Learn more: Biodegradable Graphene
The Latest on: Graphene
via Google News
The Latest on: Graphene
- Try graphene, a new clothing material that can keep you cool on January 3, 2019 at 7:38 am
The textile industry is now evolving from traditional cotton and silk to new materials — graphene, for instance. The space is seeing start-ups and established textile houses, alike, jumping on the ban... […]
- Could graphene see metal-air batteries rise to the top? on January 3, 2019 at 7:38 am
Could graphene see metal-air batteries rise to the top? Indian startup Log 9 Materials seems to think so – the firm, which is a spin-off from the Indian Institute of Technology Roorkee, suggests the w... […]
- Today's Research Reports on BlackBerry, Real Matters, Graphene 3D Lab and BSM Technologies on January 3, 2019 at 4:58 am
NEW YORK, NY / ACCESSWIRE / January 3, 2019 / The Market Edge strives to provide investors with free daily equity research reports analyzing major market events. Take a few minutes to register ... […]
- Global Graphene Nanomesh Market 2018 Analysis and Forecast to 2025 on January 2, 2019 at 11:36 pm
MarketResearchNest.com adds “Global Graphene Nanomesh Market Research Report 2018”new report to its research database. The report spread across 116 pages with multiple tables and figures in it. This c... […]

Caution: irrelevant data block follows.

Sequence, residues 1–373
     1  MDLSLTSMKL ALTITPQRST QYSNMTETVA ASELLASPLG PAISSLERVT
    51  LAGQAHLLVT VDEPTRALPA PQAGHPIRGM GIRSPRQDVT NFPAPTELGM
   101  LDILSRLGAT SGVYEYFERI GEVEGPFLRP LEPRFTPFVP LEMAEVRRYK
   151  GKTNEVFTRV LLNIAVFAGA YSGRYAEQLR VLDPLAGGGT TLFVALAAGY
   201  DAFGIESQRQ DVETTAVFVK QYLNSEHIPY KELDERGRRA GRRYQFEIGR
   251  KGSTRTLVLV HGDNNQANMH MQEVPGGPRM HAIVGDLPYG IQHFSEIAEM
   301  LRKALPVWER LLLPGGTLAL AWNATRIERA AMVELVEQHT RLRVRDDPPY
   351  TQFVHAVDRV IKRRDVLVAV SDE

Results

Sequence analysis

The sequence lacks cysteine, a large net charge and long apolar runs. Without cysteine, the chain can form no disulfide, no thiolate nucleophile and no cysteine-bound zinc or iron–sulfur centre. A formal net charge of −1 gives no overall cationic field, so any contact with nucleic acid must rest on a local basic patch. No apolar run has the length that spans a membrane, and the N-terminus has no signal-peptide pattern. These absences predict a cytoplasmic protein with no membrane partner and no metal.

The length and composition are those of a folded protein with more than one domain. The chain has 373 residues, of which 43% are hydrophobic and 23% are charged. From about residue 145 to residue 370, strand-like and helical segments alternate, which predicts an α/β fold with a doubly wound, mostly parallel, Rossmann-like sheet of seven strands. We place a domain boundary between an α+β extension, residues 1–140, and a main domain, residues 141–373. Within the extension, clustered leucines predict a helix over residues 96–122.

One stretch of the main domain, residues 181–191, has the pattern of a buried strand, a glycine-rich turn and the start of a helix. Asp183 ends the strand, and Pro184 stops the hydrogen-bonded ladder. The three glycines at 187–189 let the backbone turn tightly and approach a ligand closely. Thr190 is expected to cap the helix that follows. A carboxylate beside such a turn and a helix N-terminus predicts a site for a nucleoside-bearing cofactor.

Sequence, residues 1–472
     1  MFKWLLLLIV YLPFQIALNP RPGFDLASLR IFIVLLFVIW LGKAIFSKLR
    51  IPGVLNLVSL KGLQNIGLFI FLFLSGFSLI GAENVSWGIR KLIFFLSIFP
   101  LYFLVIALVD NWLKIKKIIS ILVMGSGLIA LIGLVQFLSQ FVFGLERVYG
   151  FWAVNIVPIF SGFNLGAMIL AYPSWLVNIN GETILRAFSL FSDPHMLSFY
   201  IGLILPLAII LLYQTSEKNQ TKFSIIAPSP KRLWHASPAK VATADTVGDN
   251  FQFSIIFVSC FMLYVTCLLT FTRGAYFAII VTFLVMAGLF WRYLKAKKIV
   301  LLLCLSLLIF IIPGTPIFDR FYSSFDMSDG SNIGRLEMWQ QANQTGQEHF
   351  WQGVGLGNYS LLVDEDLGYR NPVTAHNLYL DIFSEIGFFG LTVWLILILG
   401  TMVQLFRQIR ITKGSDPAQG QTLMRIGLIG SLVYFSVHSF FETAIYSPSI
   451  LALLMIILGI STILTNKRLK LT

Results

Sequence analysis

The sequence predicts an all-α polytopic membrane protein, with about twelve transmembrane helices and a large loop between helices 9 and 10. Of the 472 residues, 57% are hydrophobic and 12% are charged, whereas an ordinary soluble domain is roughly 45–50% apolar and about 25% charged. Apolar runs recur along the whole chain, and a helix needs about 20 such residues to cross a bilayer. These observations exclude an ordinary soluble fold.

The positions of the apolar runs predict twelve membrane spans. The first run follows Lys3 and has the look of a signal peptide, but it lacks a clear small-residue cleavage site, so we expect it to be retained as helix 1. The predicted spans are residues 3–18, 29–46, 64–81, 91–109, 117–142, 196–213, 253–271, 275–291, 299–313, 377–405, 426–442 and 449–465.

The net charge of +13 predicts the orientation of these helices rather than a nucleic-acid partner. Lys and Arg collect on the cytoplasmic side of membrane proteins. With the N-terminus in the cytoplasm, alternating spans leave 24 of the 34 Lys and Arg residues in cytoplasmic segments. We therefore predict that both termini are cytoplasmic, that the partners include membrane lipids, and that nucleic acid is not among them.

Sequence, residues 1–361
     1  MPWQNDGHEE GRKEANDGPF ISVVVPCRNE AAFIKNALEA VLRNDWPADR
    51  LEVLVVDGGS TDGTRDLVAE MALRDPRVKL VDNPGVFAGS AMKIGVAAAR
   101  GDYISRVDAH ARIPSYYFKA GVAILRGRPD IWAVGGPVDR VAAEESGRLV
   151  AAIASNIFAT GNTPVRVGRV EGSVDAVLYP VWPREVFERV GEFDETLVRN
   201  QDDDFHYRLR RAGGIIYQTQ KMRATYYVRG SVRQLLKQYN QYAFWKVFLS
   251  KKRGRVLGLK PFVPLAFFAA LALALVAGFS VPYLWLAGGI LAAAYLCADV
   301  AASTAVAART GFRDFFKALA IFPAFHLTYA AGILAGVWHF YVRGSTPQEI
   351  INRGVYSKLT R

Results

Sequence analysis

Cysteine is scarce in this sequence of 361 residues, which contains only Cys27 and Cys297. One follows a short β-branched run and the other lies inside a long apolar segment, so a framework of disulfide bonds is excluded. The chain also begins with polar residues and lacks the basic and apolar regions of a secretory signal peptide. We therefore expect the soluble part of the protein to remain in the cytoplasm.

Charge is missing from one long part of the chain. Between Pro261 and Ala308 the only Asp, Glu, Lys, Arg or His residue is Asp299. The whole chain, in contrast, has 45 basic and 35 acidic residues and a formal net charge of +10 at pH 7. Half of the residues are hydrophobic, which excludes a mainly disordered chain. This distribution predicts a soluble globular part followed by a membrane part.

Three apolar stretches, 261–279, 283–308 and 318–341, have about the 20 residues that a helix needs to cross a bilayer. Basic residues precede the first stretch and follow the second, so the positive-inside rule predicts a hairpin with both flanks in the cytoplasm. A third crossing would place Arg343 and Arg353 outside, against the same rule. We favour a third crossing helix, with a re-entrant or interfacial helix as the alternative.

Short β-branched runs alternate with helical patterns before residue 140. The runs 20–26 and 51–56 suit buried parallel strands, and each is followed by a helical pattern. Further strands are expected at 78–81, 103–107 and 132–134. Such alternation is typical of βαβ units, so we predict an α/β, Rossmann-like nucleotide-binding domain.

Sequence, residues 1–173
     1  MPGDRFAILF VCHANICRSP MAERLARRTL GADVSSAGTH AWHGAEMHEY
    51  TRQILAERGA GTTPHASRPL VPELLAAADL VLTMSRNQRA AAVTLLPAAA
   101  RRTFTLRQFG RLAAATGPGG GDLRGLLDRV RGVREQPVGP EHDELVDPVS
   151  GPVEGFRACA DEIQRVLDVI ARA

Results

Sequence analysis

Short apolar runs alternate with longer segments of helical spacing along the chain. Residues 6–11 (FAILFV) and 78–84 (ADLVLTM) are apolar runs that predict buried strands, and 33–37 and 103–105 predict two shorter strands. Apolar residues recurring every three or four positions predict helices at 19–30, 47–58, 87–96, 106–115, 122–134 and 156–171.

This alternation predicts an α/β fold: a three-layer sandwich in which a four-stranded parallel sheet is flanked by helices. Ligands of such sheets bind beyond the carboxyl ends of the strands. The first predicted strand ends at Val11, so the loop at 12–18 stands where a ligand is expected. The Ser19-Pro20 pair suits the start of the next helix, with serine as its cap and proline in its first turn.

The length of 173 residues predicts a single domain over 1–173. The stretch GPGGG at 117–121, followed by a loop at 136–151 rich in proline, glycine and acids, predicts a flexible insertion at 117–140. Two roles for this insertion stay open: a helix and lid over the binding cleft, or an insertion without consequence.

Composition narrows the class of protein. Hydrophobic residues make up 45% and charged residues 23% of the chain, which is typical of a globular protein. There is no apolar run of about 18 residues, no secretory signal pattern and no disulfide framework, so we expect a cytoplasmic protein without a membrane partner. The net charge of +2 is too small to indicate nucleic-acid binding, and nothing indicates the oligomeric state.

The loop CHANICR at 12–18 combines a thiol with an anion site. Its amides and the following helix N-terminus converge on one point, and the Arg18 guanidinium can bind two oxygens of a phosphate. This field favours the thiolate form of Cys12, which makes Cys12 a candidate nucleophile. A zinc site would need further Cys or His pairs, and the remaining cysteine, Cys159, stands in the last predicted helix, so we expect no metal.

- Vittoria Qurano 46 Disc Graphene-infused racing disc wheels review on January 2, 2019 at 4:26 pm
Vittoria’s star has been rising over recent years. This has been mostly down to its technical advancements in tyres, fusing graphene into the compound to improve the natural elasticity of the rubber f... […]
- Boffins manage to keep graphene qubits 'quantum coherent' for all of 55... nanoseconds on January 2, 2019 at 9:55 am
What happens when a Royal Navy warship sees a NATO task force headed straight for it? A crash course in Morse Physicists have formed qubits – quantum bits – from graphene atoms for the first time, acc... […]
- Researchers Create Smart Composite Material from Graphene Oxide and Seaweed-Derived Alginate on January 2, 2019 at 9:39 am
Usually when I think about seaweed, I’m trying to decide which particular sushi roll to order at dinner. But a team of researchers from Brown University in Rhode Island, which is well-versed in ... […]
- Graphene-based implant overcomes technical limitation to record brain activity at extremely low frequencies on January 2, 2019 at 4:33 am
(Nanowerk News) The body of knowledge about the human brain is growing exponentially, but questions big and small remain unanswered. Researchers have been using electrode arrays to record the brain’s ... […]
- The Global Graphene Expo: Women in Materials Research on January 2, 2019 at 12:56 am
The National Graphene Agency (NGA) is the primary U.S. based organisation publicly promoting the commercialization of graphene. Despite only running for two years, is has already had a significant imp... […]
- Physicists measure how long graphene qubits hover in "alive/dead" superposition on January 1, 2019 at 10:29 pm
Researchers have managed to record how long graphene "qubits" can stay in a superposition state(Credit: depositPlot/Depositphotos) Practical quantum computers may be another step closer to reality ... […]
via Bing News